From the beginning, the history of the University of Warsaw has been inextricably linked to the history of Warsaw itself and in some measure – the history of the entire Republic of Poland, which, partitioned by the neighboring countries (Prussia, Austria-Hungary and Russia) towards the end of the eighteenth century disappeared from the European map for more than a hundred years. The hopes for the rebirth of the country emerged as early as in the first decades of the nineteenth century. These were brought first by the Napoleonic times and subsequently by the Congress of Vienna. So, first the Duchy of Warsaw (1807–1813) and the Kingdom of Poland, which being a part of the Russian empire in 1815 became a poor substitute for the Polish state.
Royal University of Warsaw
The beginning of the University is related to two schools of the Napoleonic epoch – the Law School founded in 1808 and the School of Medicine founded one year later. Both of these schools were transformed into two important faculties of the University as time went by. They were designed to educate specialists needed in every-day life of the Duchy of Warsaw.
Earl Stanisław Potocki, the minister for Religions and Public Enlightenment and priest Stanisław Staszic were great advocates of the formation of the University. The act resulting in the erection of the University was issued by the Russian Tsar and Polish monarch Aleksander I on 19 November 1816. Since then the University started to function under the supervision of the General Council headed by Stanisław Staszic. The official name of the university opened on 14 May 1818 was: the Royal University of Warsaw. Priest Wojciech Anzelm Szweykowski became the first rector of the university. An eagle with laurel and palm branches in its talons surrounded by five stars representing the five faculties became the emblem symbolizing the University of Warsaw.
Besides the faculties of Law and Medicine, the newly-formed University consisted of the following faculties: the Philosophical Faculty, the Theological Faculty and the Faculty of Sciences and Fine Arts.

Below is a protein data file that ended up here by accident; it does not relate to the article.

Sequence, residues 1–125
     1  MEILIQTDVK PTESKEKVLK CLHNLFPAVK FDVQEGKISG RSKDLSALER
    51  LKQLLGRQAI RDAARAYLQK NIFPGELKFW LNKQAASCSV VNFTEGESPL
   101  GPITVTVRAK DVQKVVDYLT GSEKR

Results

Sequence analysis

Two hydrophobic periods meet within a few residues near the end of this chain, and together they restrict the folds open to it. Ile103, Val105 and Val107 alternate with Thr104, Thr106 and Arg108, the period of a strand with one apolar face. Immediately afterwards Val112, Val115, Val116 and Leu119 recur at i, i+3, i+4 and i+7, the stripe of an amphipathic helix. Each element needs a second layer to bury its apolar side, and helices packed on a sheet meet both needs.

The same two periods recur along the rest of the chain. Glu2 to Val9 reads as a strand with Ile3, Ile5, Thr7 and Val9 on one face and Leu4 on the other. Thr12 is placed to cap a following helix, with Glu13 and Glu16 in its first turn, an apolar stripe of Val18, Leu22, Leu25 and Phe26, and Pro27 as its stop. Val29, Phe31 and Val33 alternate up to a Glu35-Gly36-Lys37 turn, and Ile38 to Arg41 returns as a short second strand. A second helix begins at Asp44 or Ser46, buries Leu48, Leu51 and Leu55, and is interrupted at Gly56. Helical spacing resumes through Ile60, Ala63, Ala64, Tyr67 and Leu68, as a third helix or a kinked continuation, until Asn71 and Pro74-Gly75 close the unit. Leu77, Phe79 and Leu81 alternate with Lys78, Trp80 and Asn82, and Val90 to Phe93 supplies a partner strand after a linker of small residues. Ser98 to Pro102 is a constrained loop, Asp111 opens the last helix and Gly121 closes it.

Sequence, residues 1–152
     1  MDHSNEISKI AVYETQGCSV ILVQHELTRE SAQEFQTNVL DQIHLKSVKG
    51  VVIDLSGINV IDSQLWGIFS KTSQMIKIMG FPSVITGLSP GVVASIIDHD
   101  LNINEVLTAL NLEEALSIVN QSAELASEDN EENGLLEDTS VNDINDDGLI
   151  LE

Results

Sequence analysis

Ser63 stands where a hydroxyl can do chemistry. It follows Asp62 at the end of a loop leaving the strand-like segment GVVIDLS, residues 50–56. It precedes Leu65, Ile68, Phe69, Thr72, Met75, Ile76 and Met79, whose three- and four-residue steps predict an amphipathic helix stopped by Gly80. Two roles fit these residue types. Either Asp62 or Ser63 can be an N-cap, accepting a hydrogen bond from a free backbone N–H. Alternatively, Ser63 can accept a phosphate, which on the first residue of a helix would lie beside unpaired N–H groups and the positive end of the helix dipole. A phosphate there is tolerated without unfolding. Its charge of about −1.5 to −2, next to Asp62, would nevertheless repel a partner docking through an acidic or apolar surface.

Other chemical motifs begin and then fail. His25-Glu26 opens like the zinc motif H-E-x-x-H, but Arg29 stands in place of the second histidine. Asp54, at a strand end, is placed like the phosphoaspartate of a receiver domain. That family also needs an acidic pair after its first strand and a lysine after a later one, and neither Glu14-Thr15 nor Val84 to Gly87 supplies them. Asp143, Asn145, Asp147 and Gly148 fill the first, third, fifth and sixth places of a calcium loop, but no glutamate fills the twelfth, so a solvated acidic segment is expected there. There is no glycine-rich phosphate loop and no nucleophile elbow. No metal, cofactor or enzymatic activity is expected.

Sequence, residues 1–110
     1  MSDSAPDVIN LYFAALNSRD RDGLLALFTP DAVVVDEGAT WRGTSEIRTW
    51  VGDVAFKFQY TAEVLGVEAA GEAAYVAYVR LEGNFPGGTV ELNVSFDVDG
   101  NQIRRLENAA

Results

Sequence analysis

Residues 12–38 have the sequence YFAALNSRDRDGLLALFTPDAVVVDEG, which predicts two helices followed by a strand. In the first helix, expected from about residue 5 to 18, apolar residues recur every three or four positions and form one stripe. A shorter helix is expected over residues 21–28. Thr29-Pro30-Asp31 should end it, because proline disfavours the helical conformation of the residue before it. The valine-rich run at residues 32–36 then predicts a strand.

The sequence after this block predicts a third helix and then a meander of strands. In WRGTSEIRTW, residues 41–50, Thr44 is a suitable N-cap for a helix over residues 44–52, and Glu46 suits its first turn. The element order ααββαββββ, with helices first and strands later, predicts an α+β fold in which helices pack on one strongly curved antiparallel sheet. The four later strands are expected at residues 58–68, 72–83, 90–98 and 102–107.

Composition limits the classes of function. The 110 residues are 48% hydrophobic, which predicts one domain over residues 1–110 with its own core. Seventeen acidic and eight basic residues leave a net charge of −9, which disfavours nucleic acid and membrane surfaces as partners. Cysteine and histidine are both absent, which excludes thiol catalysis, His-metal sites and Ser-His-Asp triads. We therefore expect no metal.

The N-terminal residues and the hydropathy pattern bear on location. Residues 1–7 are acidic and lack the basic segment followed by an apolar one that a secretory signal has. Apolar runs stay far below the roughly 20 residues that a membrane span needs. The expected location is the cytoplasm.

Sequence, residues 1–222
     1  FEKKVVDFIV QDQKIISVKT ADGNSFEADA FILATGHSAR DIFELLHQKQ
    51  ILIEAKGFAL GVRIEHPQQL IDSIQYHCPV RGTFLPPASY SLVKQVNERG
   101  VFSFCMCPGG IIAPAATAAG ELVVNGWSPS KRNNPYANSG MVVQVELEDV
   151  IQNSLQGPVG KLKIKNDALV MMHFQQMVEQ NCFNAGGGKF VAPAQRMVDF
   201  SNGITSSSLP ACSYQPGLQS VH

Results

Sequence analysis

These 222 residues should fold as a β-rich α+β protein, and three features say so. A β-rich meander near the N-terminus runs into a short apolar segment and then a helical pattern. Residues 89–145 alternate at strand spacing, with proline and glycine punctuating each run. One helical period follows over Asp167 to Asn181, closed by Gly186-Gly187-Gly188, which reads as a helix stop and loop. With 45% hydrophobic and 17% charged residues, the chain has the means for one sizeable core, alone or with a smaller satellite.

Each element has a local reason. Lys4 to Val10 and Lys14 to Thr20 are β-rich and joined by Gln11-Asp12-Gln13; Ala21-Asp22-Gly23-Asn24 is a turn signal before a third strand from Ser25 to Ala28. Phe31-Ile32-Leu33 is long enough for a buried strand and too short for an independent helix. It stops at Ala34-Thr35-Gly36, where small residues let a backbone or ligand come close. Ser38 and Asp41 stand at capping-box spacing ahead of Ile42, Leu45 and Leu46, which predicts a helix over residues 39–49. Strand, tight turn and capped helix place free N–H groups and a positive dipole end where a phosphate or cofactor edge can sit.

The defeat of the November Uprising, one of the major forms of the Polish struggle for independence of the Polish people in which university students took part in great numbers, determined the fate of the university, i.e. that it would be closed. Only after fifteen years from its creation, the University ceased to exist and one year later the majority of its collections were taken to St. Petersburg.
As time went by, the resurrection of the university in Warsaw became a necessity. Temporary liberalization in Russia enabled the consent to be obtained in 1857 to open a Polish university – the Medical and Surgical Academy. Owing to the efforts of the margrave Aleksander Wielopolski the following faculties: the Faculty of Law and Administration, the Faculty of Philology and History and the Faculty of Mathematics and Physics were added and hence the University was reactivated. The inauguration of the university, which was now called the Main School, took place on 15 November 1862 and Józef Mianowski was appointed its first rector.
Imperial University of Warsaw
The participation of the Main School students in the January uprising, which was the next great patriotic rebellious bid resulted in the university being closed in 1869 and being replaced by the Imperial University of Warsaw – a university with the Russian language as the language of instruction. The Imperial University of Warsaw continued in existence until 7 July 1915. Almost a month later, Russian troops left Warsaw and the German army took their place.